Could you fire up the 407 today? Maybe not – but it’s still spectacular to look at, with intact tubes, rectifiers, relays and transformers all in place behind those slotted metal doors.
We’re hesitant to say this with 100% certainty, but the GE BT-50A opposite the WE is the only intact GE 50kW rig we’ve seen in the US, and we’ve seen a pretty good percentage of all the 50 kW AM sites in the country. (And we know for sure that no GE gear survives at the sites of any of the 50 kW stations GE itself owned, WGY, KOA and KGO.)
The GE, in fact, still looks almost like it just rolled off the factory floor at Electronics Park in Syracuse – and did WHAS get any kind of deal from GE based on that company’s own big appliance factory here in Louisville? (You might recall from last week’s Site of the Week that the WHAS studios are now located in what had once been an Electronics Park showroom and training center, in fact.)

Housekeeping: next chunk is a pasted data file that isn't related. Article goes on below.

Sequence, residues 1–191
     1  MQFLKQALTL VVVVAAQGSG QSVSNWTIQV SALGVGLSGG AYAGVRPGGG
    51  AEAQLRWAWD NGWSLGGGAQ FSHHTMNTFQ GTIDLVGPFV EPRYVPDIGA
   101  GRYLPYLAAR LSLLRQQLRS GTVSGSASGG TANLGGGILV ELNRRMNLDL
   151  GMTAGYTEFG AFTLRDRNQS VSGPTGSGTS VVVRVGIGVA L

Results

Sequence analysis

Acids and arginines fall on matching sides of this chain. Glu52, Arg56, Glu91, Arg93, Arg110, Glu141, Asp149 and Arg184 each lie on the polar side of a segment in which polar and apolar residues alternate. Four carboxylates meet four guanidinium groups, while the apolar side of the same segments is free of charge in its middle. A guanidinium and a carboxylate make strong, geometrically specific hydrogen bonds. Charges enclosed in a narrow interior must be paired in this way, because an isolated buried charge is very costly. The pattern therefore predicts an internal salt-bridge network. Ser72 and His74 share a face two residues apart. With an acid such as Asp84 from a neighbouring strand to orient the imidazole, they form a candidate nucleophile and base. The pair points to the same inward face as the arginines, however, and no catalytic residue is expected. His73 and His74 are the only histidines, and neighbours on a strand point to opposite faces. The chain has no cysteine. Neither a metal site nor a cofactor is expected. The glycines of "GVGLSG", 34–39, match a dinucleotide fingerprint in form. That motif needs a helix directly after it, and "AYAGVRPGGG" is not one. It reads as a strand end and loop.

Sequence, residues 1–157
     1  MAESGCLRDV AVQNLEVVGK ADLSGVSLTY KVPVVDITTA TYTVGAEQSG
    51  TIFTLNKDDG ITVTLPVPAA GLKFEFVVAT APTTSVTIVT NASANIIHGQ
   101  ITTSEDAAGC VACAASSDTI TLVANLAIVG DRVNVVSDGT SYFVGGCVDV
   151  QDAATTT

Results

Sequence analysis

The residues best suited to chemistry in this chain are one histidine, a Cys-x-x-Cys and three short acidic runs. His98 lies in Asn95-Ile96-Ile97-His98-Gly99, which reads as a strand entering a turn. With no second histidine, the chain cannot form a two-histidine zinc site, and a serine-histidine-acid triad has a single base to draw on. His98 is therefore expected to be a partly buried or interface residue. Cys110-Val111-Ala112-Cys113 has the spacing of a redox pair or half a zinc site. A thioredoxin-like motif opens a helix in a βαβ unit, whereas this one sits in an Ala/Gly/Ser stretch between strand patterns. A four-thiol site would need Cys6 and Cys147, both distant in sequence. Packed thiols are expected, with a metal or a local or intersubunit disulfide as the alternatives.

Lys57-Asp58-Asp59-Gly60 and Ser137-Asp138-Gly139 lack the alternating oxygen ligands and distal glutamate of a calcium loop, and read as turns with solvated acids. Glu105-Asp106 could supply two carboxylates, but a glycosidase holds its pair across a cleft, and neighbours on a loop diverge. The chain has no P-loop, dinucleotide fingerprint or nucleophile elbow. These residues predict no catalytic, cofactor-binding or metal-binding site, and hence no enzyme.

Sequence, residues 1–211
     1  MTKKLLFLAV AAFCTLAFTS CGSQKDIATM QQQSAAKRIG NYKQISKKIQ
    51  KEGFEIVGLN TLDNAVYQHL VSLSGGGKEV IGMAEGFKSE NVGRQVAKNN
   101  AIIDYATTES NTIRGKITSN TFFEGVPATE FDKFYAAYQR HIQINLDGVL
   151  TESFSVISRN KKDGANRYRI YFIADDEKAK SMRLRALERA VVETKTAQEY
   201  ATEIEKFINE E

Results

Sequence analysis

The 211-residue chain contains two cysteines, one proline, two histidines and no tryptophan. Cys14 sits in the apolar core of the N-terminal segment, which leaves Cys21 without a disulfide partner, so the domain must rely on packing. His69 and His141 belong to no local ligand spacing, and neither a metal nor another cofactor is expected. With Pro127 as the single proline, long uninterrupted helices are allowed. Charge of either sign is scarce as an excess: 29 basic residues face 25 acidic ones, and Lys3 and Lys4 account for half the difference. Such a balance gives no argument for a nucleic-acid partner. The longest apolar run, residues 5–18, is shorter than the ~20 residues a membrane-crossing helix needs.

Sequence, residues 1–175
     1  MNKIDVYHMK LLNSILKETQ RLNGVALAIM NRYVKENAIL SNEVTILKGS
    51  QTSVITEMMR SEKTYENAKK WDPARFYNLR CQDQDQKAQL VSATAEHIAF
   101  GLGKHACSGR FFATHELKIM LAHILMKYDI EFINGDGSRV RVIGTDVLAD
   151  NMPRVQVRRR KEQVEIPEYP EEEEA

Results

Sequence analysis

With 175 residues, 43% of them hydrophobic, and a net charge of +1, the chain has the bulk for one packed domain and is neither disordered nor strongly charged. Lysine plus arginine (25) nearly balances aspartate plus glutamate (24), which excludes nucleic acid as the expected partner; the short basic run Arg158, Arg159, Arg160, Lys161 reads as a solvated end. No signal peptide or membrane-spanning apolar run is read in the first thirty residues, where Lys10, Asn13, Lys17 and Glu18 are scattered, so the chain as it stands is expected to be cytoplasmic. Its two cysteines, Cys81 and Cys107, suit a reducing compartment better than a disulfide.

Was the wing where WHAS’ newer transmitters are located added on later? We suspect so; WHAS put an FM station on the air from here in the 1940s, a predecessor of what’s now WAMZ on 97.5, long since moved to a different site. In any event, the back room behind the GE and Continental is now home to the current NX50 main and Harris DX50 aux, plus the usual racks of STL, processing and emergency gear like you’d find at any big modern AM site.
There’s quite the basement here, too: go down the stairs at the back of the main transmitter hall and you find yourself in a warren of rooms that include an emergency shelter (added on to the building sometime later in its history), as well as the sort of full machine shop you needed back in the days when you had a site full of engineers who had to make a lot of their own parts, back before you could order whatever you needed from Digikey or Graybar or what have you.
There’s a whole history of electrical distribution down here, too, not to mention the blowers that fed the GE and the Continental back in the day.